The Confidential

The ACC Sports Blog

1,000 Reasons Why It Will Not Work–But Here is a Radical Plan for College Football’s Post-Season

Look, line up to tell the Confidential the reasons why this Radical College Football post-season proposal will not work.  But what proposal WILL work?  What solution will keep the conferences, schools, bowls, NCAA, network and fans happy?  The problem is not that a solution cannot be designed.  The problem is that every “solution” is going to be greeted with some sort of opposition.  The problem is that college football is not basketball AND that you cannot design a plan in advance that will accommodate the unique regular season that is taking place.  Accordingly, the Confidential presents its Radical Plan for College Football’s Postseason (the plan).

Under the plan, there will have to be some significant changes.  Instead of trying to design a strict 2,4, 8, 12, or 16 team playoff, the Championship Committee would be vested with the power to determine exactly how the national championship should be played out.  The emphasis would be on ensuring that all undefeated teams at least have the chance to decide it on the field.  The secondary emphasis would be to ensure that as few games as possible are used to reach a national champion, so as not to devalue the regular season.  The third emphasis would be maintaining the traditional tie-ins to the bowl games to the maximum extent possible.  And that is that.  Nothing more, nothing less.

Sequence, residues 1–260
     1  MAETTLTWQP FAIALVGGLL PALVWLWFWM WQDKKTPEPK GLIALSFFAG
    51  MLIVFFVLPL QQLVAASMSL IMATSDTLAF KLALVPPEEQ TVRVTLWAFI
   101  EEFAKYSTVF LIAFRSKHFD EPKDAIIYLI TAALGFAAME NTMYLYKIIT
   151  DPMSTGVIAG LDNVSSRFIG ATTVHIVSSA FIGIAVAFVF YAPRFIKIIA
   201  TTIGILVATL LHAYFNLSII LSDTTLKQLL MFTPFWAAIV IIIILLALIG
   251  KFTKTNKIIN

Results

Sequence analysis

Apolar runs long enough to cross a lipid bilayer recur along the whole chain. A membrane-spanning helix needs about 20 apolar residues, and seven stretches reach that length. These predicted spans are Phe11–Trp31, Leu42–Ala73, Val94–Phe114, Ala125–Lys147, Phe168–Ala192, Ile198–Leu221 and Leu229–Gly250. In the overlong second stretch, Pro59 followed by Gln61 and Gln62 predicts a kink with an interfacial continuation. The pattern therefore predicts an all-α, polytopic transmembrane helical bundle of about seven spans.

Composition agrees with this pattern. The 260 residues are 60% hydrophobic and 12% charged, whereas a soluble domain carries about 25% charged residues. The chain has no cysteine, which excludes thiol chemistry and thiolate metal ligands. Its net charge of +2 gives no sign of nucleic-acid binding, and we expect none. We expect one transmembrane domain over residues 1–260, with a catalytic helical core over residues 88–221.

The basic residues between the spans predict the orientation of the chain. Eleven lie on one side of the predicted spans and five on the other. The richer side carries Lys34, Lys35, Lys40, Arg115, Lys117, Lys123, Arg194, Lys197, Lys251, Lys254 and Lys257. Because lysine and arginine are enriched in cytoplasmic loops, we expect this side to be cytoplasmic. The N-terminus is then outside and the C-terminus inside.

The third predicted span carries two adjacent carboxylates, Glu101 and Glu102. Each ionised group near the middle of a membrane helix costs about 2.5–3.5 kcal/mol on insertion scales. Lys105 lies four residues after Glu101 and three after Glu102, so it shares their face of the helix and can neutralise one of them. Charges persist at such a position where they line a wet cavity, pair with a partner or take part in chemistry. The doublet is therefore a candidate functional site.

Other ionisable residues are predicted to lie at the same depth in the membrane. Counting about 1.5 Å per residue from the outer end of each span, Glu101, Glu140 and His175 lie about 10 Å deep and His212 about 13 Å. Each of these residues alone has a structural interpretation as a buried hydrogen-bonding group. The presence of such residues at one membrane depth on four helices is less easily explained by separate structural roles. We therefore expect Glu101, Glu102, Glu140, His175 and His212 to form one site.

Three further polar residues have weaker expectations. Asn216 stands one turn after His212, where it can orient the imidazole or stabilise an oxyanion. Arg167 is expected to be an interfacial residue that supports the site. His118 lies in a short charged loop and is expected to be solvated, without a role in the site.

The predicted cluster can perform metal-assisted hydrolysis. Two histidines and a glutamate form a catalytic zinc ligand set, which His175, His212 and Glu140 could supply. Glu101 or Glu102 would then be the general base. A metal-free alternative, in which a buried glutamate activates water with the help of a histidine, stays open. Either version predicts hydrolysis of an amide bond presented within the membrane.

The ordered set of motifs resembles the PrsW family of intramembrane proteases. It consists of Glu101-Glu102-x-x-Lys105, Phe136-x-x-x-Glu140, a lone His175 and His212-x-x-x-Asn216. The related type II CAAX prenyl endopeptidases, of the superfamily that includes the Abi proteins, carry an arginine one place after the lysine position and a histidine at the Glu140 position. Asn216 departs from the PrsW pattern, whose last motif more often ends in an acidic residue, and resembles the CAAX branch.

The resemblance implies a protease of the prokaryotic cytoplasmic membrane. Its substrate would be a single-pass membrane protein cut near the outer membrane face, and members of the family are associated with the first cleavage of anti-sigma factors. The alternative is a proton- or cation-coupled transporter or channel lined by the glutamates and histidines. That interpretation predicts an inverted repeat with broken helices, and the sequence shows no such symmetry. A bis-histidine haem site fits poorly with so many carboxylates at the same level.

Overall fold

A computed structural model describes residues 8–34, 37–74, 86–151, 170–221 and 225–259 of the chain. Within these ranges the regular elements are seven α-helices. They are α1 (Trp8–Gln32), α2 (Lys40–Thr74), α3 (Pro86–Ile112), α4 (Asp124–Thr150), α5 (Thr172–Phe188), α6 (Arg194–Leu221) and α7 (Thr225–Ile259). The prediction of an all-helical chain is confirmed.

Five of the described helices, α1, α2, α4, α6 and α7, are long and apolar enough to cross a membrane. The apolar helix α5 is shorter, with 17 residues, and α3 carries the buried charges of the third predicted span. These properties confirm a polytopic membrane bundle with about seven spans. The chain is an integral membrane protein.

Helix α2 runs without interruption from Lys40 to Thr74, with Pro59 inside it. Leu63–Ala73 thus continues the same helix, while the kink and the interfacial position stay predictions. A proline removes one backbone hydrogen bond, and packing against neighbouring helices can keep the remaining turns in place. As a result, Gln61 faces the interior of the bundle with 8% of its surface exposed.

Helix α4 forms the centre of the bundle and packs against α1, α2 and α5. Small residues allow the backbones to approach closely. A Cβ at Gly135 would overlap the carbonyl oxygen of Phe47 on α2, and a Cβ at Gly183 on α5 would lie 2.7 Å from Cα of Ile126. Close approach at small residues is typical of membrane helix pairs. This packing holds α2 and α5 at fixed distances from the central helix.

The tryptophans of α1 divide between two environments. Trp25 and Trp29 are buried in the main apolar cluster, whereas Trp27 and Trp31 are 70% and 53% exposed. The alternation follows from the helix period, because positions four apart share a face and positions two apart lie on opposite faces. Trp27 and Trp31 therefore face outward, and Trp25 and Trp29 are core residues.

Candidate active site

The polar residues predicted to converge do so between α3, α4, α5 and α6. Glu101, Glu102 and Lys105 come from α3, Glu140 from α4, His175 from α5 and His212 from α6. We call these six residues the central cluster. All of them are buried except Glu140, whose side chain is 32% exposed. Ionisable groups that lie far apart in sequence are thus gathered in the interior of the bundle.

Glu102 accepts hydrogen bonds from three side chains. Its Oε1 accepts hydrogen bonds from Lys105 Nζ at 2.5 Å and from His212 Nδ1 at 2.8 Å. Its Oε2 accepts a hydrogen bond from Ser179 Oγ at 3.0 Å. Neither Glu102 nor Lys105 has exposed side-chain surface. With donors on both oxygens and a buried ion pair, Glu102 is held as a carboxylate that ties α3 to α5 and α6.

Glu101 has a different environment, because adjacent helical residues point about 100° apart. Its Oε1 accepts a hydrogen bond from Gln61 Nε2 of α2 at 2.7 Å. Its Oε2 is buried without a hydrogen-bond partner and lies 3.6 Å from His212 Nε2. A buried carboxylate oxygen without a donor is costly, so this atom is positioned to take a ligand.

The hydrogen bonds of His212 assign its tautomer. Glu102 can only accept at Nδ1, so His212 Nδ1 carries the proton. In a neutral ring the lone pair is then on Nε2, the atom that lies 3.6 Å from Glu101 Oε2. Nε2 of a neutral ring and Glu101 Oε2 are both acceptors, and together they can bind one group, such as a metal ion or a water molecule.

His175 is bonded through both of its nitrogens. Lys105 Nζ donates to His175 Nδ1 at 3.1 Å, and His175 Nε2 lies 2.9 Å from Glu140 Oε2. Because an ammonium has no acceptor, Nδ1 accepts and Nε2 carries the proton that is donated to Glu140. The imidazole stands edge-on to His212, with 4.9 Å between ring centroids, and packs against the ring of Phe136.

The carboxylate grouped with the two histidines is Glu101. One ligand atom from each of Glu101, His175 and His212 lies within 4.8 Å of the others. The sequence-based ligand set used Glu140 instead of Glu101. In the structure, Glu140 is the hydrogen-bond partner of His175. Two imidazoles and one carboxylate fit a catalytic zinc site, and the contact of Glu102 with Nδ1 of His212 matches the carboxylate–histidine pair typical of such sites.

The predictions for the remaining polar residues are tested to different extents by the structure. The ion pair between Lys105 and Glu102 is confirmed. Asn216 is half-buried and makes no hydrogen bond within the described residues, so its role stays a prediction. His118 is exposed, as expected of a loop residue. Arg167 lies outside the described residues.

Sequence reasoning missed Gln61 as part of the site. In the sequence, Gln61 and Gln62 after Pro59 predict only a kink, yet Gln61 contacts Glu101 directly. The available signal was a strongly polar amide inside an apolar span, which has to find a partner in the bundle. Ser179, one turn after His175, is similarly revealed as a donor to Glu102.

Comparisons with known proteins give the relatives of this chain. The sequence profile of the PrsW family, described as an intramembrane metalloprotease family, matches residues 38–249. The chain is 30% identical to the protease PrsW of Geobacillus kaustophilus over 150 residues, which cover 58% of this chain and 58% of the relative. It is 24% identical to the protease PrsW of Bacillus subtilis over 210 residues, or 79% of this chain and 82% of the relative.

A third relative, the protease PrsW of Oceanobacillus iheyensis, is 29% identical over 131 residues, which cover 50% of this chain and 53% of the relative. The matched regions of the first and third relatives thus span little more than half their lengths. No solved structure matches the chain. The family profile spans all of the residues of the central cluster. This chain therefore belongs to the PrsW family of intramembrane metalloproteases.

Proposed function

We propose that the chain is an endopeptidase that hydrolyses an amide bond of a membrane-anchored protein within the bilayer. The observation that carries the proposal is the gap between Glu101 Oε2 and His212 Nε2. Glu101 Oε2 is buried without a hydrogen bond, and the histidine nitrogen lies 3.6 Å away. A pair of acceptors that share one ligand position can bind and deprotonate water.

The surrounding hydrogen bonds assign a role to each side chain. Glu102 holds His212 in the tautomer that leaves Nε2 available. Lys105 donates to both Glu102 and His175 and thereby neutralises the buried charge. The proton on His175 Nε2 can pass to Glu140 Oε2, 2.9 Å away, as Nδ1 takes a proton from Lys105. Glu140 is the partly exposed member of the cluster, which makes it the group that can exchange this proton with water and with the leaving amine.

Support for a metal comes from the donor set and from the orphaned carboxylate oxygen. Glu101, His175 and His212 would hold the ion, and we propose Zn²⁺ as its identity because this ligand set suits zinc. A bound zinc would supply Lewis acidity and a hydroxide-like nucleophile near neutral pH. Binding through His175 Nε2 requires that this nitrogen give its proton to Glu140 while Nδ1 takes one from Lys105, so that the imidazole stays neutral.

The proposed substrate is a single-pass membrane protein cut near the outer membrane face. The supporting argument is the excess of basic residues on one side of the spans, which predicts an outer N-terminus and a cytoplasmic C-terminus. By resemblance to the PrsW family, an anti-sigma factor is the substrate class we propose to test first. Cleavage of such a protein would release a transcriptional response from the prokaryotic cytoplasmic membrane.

First, the Championship Game (CCG) should be moved to Martin Luther King Day.  Frank the Tank has a great write up on the logic of using that date.

Second, all the BCS bowls should be moved back to January 1st.  Once upon a time, that was a veritable feast of college football.  A fan would plan on going from Cotton to Rose to Orange to Fiesta throughout the day, with a few other games sprinkled in for good measure.  It is easier to carve out a day than it is to carve out the night for several straight days.  This is just the way things are today.  Plus, think of March Madness.  You don’t plan to watch all day, but you get sucked in by the staggered start times and end up enjoying the finish to multiple games.  The networks can just plan on having more commercial value in the second half of bowl games.